On the schoolyard playground, when a bully picks on you, the best approach is to come right back over the top at the aggressor and hit him hard in the nose. You fight fire with fire, and this often fixes the problem immediately. Ah, but this approach does not work very well in poker. In fact, winning at poker isn’t about “fixing” a problem with your opponent’s style of play, instead it’s all about exploiting those traits. You literally want the opponent to have a problem, a weakness, a leak. If you can spot the leak, you can exploit it.
Let poker bullies be bullies. And use their aggression against them, turning their behavior into the functional equivalent of momentum that you can exploit with the appropriate poker-judo move.
The Two Tactics to Use on Poker Bullies
A poker bully is by definition too aggressive. They’re also equally too loose. Whether we call them bullies, maniacs or LAgtards, they share these two traits: they play too many hands, and they bet and raise too much with those hands. Their ranges are much weaker than the size of their bets imply. Said another way, we may call them big bad bullies, but paradoxically they’re weak– or at least their hand ranges are weak. This is their fundamental–and exploitable–leak.
When an opponent routinely makes a mistake over and over, there’s always a way to take advantage of it. Here are the two fundamental things you can do to take advantage of the too-loose/too-aggressive mistakes a maniac makes:
- Open Up Your Range. Because a bully is playing more hands than he should, it’s obvious that most of these are less-than stellar holdings. This means you can somewhat relax your own calling standards a bit and still make a profit against this guy. The trick is to a) try to get heads-up with him; and b) not open your range too much.
- Be More Passive. The second key to defeating a poker bully is to let him hang himself with his bets. Since his major mistake is betting too liberally, you should give him every opportunity to defeat himself by repeating that mistake. You should check and call more than you normally do, especially with medium strength and above hands. Let him take the betting lead. Let him build the pot when you have a value hand. Be more passive against the maniac, particularly on the earlier streets. If he does check to you, check back with all but your stronger holdings, as these guys often like to check-raise. If you do have a strong hand and want to raise, try to forestall those re-raises until the river. Imagine you flop a set against a bully and he’s hammering away at you. You don’t want him to stop; you want him to build the pot for you. Let him be the bully on the flop and turn. Let him think he can push you off a hand. Save your re-raises and bigger bets for the river, where he could actually find himself pot-committed with some kind of second-best made hand.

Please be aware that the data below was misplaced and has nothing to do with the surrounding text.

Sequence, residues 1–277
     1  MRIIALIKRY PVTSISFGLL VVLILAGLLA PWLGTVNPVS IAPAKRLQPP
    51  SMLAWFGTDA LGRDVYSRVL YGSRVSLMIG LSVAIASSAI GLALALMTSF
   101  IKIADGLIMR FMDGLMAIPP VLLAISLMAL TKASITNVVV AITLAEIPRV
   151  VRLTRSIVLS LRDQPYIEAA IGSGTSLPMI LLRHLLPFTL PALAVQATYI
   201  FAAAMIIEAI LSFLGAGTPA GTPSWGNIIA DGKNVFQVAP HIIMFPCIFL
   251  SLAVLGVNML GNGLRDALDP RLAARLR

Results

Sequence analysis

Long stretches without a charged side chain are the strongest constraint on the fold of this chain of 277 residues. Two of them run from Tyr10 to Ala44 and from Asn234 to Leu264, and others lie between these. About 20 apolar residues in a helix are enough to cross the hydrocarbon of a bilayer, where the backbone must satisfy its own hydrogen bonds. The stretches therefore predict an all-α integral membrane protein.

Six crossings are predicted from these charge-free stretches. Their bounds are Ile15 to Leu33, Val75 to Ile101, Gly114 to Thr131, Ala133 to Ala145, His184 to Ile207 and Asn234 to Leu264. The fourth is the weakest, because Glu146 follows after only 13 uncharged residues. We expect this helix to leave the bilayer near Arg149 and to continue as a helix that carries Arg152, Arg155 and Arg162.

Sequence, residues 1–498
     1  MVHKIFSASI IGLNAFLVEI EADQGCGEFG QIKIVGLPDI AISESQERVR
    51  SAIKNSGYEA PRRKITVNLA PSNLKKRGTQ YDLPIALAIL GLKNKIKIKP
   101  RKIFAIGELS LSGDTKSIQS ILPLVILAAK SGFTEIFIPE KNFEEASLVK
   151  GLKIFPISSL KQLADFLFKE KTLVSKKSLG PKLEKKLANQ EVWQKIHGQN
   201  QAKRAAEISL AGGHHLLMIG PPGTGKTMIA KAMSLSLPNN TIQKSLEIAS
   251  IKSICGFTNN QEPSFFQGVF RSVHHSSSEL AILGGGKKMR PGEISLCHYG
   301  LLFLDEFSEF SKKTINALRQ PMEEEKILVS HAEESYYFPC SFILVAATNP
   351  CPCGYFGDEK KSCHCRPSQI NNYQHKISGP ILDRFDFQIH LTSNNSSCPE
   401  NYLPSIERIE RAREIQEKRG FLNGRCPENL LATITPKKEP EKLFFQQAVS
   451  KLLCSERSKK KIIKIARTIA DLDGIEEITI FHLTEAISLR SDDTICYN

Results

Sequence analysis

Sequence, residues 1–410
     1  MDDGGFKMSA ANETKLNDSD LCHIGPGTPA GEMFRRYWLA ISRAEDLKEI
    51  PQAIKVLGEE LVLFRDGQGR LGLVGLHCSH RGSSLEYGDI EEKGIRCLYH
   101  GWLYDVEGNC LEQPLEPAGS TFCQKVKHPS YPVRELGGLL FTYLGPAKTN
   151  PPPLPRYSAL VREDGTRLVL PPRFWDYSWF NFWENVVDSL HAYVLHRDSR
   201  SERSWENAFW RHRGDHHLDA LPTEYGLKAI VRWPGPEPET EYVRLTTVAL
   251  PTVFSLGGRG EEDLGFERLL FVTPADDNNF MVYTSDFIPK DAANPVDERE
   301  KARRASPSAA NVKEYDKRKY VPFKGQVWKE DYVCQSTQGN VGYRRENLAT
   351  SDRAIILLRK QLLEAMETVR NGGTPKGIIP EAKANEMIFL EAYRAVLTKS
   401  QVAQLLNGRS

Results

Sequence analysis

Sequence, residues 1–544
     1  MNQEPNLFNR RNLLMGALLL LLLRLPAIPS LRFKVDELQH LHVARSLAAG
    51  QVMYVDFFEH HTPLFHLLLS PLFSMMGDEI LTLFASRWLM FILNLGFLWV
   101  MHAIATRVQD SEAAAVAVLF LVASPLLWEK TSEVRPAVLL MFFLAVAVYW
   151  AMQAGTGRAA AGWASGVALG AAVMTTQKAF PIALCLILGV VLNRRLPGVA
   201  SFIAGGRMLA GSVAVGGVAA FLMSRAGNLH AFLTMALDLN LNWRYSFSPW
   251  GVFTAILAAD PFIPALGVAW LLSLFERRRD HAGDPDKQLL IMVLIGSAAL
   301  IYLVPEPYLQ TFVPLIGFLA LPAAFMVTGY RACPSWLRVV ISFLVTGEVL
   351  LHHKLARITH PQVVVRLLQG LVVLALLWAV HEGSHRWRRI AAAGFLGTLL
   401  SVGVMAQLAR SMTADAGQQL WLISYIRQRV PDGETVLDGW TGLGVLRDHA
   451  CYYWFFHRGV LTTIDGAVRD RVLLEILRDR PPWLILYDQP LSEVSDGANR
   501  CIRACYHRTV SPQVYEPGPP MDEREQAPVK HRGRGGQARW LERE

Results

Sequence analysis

So back to my crazy Bovada table: I ended up closing all my other tables and sticking around this lone table for a relatively long time, initially because of the bully, who quickly gave me back my leaked $25, plus at least that much in additional money, but also because of the weak-tight behavior of the other players. Their collective mistake was they folded to re-raises far too often, as evidenced by their reactions to the bully’s behavior. In a sense, I became the new big bad bully at the table–at least against these weak players–and pushed them off pots that I normally couldn’t have against stronger opponents. The correct form of judo against these guys wasn’t actually judo at all. It was more akin to karate– strikes and kicks and punches and raw, naked aggression that forced them over and over out of pots I had no business winning otherwise. It’s all about playing the player, remember?
The Bottom Line
It’s often tempting to “out bully” a poker bully by being even more aggressive than he or she is. That’s the exact wrong approach. You can’t win at poker by copying and/or exaggerating the same mistake an opponent is making. Instead, you have to use poker judo to counter their momentum and amplify their mistakes. Against maniacs who play too many hands and/or play too aggressively, just call a bit wider, get involved in more hands with them, and back off on your own aggression, letting them hang themselves. Don’t fight their mistakes; exploit them instead.
Learn. Master. Crush.
Like this post? Hate it? Have something to add or correct? I encourage you to comment with your input. This blog is better when interested readers like yourself get involved in the discussion. It’s easy to do, too: there’s a little box right below this post where you can quickly add your two-cents for free.
Please also feel free to click the Facebook and/or Tweet buttons locate at both the top and bottom of this post to share the material with others if you found it useful. I’m always trying to reach a wider audience, and your help is essential to do that.
Finally, you can always email me at email@example.com with any direct input or questions you want to pass along.